Slovak University of Technology Faculty of Material Science and Technology in Trnava. MECHATRONICS. Lecture 04. MODEL ANALYSIS. The model analysis generally serves for determination of properties for a prescribed system.
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The model analysis generally serves for determination of properties for a prescribed system.
The system may exist in reality or as a model. In many cases there is a real system from which a model can be derived.
A distinction can be made between two purposes for model analysis: analysis for establishing the actual state and analysis of possible behavior.
In both cases, knowledge of the system is determined (dynamics, strength, etc.).
The questions directed at the analysis determine the procedure and the tools with which the system is analyzed.
An analysis on real models is also customary if the computer-aided model is too complex or, for example, the environment cannot be mathematically or physically reproduced, or only with difficulty.
This applies in particular in the case of strongly nonlinear or chaotic behavior.
This applies in particular in the case of strongly nonlinear or chaotic behavior.
An example of such analyses that may be cited is the dynamic behavior of ships on rough seas, which is investigated with a scale model in an artificial wave tank.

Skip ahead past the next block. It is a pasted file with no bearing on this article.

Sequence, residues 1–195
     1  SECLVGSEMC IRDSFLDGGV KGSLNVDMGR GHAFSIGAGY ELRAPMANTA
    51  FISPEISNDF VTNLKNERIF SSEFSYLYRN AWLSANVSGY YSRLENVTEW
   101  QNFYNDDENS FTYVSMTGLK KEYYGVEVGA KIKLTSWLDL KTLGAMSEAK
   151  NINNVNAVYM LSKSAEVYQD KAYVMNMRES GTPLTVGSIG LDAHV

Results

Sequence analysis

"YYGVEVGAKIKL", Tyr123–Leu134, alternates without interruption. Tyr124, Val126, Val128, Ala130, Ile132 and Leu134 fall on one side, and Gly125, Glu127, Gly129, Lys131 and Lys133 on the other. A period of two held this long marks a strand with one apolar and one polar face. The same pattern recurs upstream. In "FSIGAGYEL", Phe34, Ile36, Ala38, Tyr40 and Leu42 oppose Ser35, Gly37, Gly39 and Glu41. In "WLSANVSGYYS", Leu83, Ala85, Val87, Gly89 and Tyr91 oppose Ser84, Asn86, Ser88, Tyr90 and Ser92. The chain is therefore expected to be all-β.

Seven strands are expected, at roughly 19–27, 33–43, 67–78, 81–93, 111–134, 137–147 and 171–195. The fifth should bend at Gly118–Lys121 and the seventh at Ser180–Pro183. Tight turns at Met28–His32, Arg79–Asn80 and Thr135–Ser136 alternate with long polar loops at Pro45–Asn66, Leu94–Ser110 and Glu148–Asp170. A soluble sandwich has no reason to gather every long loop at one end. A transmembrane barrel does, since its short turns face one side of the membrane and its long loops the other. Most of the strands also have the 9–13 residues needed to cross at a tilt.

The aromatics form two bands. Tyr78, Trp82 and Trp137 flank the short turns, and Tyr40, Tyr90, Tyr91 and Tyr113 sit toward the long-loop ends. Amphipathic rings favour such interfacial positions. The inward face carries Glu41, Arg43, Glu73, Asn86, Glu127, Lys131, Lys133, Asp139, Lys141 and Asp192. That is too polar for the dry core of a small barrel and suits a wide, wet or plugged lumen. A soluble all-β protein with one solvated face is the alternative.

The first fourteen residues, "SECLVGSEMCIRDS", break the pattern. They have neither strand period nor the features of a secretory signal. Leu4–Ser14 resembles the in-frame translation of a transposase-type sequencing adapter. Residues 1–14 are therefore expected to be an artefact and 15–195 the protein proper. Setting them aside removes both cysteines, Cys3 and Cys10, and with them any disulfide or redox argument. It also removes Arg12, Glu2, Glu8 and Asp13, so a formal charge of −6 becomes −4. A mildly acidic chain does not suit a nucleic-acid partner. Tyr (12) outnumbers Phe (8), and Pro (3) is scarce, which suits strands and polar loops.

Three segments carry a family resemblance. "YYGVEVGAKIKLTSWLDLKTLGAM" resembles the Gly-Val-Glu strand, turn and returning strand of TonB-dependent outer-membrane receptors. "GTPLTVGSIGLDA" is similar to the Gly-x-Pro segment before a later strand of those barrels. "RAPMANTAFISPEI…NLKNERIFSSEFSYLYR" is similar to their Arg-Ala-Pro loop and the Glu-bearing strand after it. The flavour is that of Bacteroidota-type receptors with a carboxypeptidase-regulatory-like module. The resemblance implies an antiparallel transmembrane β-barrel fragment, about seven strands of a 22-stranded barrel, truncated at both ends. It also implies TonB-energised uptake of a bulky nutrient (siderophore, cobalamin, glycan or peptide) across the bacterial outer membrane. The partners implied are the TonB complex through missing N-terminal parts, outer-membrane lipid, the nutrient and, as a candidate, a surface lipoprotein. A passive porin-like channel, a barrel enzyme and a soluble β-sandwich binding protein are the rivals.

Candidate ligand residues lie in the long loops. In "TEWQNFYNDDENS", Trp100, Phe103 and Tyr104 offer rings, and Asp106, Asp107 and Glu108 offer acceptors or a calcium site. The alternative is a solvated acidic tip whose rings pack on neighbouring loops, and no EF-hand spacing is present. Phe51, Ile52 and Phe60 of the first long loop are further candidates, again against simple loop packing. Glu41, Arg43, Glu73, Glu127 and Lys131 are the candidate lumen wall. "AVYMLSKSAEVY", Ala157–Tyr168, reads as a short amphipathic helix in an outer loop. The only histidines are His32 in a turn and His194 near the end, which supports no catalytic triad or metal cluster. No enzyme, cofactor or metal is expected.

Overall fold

However, it is evident from the development of computing technology and analysis tools that investigations on real models will increasingly be replaced by investigations on computer-aided models.
Apart from these special cases, establishing the actual state almost always serves for setting up or parameterizing abstract computer-aided models.
In this case, the model analysis is part of the modelling process.
The analysis of the model of a system is intended to provide statements about the system behavior. With a model it is possible to analyze system states into which the real system cannot or must not be brought.
The actual sequence of a model-based system design may be as follows:
A control system is to be designed for an existing technical system (for example a machine tool).
Firstly, a multibody system model is set up on the basis of the existing geometry model data (generally CAD) (modelling).
This abstract model is subsequently compared with the real system.
The free parameters of the model must be determined or set (identification); this is accomplished through measurements on the real system.
Further methods of determining the system behavior follow, e.g. a modal analysis.
The analyses are also intended to determine which model describes the respective task in an adequate way (model analysis).
To improve the dynamics of a vehicle construction, under some circumstances only the modes, which are in the relevant frequency range, have to be modeled.
For the parameterized model, a control system can then be developed (system synthesis).